Written By: Brooke
Marcus Bonfanti is a blues artist from North London. He studied music at the William Ellis School in London, which is where he learnt to play the guitar. His parents were very music orientated and encouraged him to play when he was young. His father is Italian and his Mother is English, so he grew up with a wide variety of musical influences. His parents wanted him to play classical music but he was not really interested in that at all. When his parents went out he would play along with his guitar whilst listening to likes of Led Zeppelin, Jimmy Page and Jimi Hendrix. He also taught himself to play slide guitar and found himself drifting more and more towards the Blues genre.
The first time I saw Marcus Bonfanti was at a festival called ‘Blues On The Farm’. When he walked onto the stage, he was dressed in cowboy boots and a cowboy shirt. He had very long black hair and a big black beard. However, he was only 25 years old, which made him look very eccentric. As soon as the band started playing the tent began to fill up very quickly. People began pushing towards the front of the crowd bursting with anticipation. He opened with one of his own songs ‘Devil Girl’, which quickly got the crowd going and you could feel the electricity running through the tent. Something I liked straight away about Bonfanti was his deep husky voice. He sang ‘Will Not Play Your Game’ next, and if you closed your eyes and listened, you would think you were listening to someone singing the blues. The voice seemed to belie the person that was stood on the stage.
I saw Marcus Bonfanti for the second time at a gig in Brighton’s Komedia centre. The venue was in a basement which was extremely small, with very low ceilings and no windows. This had a very bad effect on the acoustics in the room; therefore the sound was not as good as it had been previously. Also it was difficult to fully concentrate on the performance as the stage was next to the bar, which meant that Bonfanti was sometimes being drowned out by shouting or screaming people. Overall the atmosphere was very claustrophobic and uncomfortable. However despite all of this, his performance had all the energy and power that makes him so enjoyable to watch.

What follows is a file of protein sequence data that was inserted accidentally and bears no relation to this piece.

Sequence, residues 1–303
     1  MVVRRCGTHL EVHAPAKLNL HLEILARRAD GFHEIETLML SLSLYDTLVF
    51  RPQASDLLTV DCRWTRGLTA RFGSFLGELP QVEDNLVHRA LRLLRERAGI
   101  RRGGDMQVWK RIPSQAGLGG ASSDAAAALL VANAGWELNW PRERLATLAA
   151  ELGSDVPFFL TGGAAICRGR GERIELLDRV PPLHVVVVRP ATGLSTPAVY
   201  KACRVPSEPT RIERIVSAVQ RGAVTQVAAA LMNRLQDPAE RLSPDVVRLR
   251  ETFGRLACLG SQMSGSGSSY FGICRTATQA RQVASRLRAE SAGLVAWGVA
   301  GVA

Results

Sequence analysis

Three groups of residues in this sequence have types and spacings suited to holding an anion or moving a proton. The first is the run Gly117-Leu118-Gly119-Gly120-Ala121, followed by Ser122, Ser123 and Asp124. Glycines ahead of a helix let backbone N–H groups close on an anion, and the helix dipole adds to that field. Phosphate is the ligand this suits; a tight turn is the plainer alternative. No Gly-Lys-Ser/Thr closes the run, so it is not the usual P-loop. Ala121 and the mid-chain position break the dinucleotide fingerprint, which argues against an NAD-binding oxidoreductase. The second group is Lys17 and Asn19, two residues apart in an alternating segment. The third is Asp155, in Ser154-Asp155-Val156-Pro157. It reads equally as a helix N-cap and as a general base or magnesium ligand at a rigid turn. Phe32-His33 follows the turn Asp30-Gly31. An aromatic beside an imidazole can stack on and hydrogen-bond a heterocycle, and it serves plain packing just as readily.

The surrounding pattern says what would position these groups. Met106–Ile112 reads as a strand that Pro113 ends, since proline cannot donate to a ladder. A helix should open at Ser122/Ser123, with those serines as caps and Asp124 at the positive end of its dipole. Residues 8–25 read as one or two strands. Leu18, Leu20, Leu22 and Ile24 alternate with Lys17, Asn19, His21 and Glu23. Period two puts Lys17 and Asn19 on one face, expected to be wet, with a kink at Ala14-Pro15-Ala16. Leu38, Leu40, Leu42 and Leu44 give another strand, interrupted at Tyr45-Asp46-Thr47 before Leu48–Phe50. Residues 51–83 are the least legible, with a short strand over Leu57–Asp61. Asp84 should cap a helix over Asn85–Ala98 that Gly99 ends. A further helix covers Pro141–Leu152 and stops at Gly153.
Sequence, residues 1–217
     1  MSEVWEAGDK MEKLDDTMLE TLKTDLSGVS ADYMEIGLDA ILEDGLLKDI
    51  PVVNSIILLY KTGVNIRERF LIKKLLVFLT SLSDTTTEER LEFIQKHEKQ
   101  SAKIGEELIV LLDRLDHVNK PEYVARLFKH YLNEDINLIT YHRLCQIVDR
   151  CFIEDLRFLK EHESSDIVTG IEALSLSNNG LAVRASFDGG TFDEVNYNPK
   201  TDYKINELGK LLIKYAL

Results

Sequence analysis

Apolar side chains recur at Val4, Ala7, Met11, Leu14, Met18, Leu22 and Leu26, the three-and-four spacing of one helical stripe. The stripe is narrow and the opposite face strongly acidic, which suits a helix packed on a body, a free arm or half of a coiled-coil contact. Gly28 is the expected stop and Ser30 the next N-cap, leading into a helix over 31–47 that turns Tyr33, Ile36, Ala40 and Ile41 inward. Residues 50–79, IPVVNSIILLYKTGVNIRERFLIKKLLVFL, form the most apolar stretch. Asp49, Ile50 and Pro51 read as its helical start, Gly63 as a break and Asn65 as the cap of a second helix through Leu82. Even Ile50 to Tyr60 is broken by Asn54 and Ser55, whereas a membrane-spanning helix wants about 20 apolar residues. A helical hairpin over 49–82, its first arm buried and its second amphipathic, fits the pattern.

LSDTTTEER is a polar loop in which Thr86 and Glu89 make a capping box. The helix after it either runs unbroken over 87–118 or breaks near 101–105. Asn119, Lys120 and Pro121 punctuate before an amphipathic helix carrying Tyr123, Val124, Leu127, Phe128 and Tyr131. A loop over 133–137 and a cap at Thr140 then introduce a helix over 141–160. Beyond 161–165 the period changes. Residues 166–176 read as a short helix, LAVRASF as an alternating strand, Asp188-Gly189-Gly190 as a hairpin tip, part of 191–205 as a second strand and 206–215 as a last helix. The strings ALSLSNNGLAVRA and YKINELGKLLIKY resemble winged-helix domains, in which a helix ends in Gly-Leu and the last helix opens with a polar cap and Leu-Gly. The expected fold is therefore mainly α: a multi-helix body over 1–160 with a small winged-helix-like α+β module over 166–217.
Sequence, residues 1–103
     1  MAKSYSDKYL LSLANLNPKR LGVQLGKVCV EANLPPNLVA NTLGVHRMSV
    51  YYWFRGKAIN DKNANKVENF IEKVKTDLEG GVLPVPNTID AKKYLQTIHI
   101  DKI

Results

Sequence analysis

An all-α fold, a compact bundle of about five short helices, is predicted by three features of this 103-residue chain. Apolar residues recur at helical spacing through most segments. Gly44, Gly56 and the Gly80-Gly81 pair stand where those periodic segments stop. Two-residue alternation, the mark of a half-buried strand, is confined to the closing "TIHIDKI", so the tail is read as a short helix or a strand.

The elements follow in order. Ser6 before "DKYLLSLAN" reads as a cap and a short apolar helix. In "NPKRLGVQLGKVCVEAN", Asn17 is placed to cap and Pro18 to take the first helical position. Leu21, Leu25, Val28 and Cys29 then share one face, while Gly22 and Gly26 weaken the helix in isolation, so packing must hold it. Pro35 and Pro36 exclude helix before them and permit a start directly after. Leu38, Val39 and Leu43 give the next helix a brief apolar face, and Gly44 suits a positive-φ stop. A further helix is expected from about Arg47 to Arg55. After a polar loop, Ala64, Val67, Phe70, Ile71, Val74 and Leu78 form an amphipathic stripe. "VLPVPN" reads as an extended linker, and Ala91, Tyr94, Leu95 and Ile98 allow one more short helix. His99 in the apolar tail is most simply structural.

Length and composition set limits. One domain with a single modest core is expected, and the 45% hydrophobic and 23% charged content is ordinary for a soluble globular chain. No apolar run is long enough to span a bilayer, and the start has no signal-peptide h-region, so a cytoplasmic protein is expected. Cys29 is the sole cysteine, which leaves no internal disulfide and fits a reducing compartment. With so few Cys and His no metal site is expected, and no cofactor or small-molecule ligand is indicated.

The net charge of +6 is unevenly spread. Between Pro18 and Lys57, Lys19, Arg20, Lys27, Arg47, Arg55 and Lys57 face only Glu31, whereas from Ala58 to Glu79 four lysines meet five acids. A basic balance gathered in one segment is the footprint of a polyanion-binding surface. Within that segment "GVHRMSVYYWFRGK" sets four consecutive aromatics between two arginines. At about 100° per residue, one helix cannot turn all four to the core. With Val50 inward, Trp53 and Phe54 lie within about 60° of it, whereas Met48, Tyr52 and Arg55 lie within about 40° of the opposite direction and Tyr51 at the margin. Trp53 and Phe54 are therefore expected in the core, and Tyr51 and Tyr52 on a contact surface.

The third time I saw Marcus Bonfanti perform was at the Chichester Inn, this was an acoustic set where he was on him own. I thoroughly enjoyed this gig as I felt like it was much more intimate and he was able to interact with the crowd more. The atmosphere was a lot more relaxed compared to the festival and the Brighton gig and therefore more enjoyable for people who just want to sit down and appreciate the music. He had also started writing his third album so we had the pleasure of hearing some of his new songs, which are just as good if not even better than his previous songs. Despite being on his own he was still able to deliver a spine chillingly good performance that Jimmy Page himself would have been proud off.
Overall Marcus Bonfanti Is a fantastic musician who is worth every penny to go and see live, which is why he has won two awards for being best Blues artist of the year. I would highly recommend him to people who enjoy blues and rock. He delivers every performance to the best of his ability, and does everything he can to make sure that his audience is enjoying themselves. This could be ranging from dedicating a song to someone, to singing happy birthday (blues style) to a person in the crowd. It is nice to see a young artist do what they enjoy, and not become commercialized.